1. Target Scope: High-Speed

You will be able to upstage the competitor’s expected new product announcement. You will receive 200 points for delivering a printer with the scope requested and up to 100 points for delivering a printer with a more sophisticated scope.

2. Target Schedule: Week 17

This schedule will allow you to ramp up manufacturing and marketing soon enough to quickly match the competitor new product announcement with one of your own. You will receive 200 points for meeting your schedule goals and up to 100 points for completing ahead of schedule.

3. Target Cost: $40,700

This will support a cost structure that will enable you to release the new printer product with a profit margin higher than the competitor. You will receive 200 points for meeting your budget/resources goals and up to 100 points for completing under budget.

You may also receive up to 100 points for team process by maintaining a consistent morale of 85% – 95%.


To learn to differentiate between; symptoms (observations) that can usually be measured but usually not ‘fixed’ and the problems/underlying causes that create the observed symptoms that can be ‘fixed’, but usually can’t be measured. To find the most fundamental cause and effect relationships. To understand the difference between “correlation” and “causality.” To learn to ask ‘Why’; sometimes many times, until the most fundamental causes are identified. These will usually be behavioral in nature, as opposed to the symptoms that can usually be expressed in numbers.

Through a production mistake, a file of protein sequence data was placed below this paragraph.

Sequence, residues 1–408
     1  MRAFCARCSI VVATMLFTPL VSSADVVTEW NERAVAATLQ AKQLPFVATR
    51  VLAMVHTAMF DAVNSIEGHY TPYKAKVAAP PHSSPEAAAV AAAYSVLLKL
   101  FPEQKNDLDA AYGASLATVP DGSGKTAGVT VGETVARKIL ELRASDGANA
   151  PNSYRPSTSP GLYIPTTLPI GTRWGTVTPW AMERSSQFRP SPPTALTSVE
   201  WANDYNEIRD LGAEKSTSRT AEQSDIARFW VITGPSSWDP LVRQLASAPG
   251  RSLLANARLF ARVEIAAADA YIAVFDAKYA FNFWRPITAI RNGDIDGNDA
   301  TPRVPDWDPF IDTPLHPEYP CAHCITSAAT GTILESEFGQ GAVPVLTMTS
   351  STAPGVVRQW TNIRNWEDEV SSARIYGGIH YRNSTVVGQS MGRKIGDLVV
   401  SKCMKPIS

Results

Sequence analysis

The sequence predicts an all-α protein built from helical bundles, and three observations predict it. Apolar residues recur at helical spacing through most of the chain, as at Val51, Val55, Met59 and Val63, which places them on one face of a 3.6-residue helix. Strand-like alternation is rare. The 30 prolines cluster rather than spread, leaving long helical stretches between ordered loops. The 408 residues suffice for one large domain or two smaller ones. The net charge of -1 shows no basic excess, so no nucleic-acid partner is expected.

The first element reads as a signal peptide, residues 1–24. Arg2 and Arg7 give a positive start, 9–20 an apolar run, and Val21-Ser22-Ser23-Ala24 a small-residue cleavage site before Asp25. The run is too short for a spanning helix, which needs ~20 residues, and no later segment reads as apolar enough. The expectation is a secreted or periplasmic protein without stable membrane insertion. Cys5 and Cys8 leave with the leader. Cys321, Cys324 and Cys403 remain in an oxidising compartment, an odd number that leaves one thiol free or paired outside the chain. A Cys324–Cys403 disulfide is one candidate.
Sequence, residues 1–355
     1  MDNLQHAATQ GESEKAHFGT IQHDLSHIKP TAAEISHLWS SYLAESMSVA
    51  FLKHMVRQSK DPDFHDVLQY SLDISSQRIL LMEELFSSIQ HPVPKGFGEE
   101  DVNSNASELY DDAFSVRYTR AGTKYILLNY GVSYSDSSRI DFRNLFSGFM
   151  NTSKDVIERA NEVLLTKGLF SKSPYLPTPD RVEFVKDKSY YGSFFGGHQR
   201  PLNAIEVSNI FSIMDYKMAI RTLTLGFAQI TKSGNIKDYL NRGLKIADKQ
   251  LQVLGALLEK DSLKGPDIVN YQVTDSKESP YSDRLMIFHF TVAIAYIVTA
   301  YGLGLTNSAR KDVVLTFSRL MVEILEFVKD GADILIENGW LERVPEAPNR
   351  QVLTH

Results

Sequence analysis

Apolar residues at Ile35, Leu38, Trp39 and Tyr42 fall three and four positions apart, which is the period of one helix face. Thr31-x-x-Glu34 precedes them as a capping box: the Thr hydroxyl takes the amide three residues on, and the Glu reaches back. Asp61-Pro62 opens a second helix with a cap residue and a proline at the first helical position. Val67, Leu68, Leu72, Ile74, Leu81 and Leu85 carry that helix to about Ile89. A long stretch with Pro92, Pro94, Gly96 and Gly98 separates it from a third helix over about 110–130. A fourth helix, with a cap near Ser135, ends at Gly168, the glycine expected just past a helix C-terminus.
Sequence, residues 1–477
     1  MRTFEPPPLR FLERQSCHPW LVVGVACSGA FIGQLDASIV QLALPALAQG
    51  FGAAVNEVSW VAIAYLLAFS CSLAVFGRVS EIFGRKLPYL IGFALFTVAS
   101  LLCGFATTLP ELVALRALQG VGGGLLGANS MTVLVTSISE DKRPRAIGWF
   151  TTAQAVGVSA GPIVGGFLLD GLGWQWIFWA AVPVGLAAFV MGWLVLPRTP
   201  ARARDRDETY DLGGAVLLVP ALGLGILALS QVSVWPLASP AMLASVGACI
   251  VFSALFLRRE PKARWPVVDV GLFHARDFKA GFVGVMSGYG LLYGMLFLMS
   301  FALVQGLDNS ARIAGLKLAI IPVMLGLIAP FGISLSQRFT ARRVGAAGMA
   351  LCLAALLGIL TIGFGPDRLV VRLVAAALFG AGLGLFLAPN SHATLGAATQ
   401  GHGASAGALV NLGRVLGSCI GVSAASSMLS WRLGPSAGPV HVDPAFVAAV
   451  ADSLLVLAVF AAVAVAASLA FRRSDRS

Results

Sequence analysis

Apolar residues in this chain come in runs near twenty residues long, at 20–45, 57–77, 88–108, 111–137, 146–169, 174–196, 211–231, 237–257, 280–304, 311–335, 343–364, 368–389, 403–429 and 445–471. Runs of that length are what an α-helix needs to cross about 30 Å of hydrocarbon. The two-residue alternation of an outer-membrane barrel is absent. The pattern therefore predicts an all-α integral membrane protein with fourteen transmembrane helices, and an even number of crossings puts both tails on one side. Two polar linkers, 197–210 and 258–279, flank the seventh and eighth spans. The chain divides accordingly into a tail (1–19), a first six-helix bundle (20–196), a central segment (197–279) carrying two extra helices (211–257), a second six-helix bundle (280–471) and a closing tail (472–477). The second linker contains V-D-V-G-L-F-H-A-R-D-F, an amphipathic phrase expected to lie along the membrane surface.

b. Understanding the choice and design of operating systems and the relationships between systems design, technology and process choice, operating procedures and

productivity. Linking process design choices to market demand and business strategy.

c. Learning to MAP, analyze, execute, and improve operations


d. Developing a feeling for the problems involved in the ongoing management of operating systems, i.e.; mapping the process and “Making It Work”.


e. Gaining an appreciation of the relationship between operations/production of both ‘goods’ and ‘services’ products, factory vs. services operations, other functional areas, and Business Unit Strategy (SBU). Understanding the impact of new technology, especially computers; on traditional manufacturing systems and generalizing the lessons learned in factory settings to other operating systems such as offices, hotels, banks, etc… Understanding how operations and technology can be a source of “competitive advantage”.


f. To begin to think like an operations management executive.


g. To improve critical thinking, judgment, and communication skills.


h. To further develop your personal skills in time/work management, teamwork and leadership.

Session 1

· What is Strategy” by Michael Porter (HBR, Nov-Dec, 1996) [VERY IMPORTANT]

· “The Five Competitive Forces That Shape Strategy” by Michael Porter (HBR Jan 2008)

· “Operations Based Strategy” by Robert Hayes and David Upton (CMR vol. 40, no. 4, Summer 1998)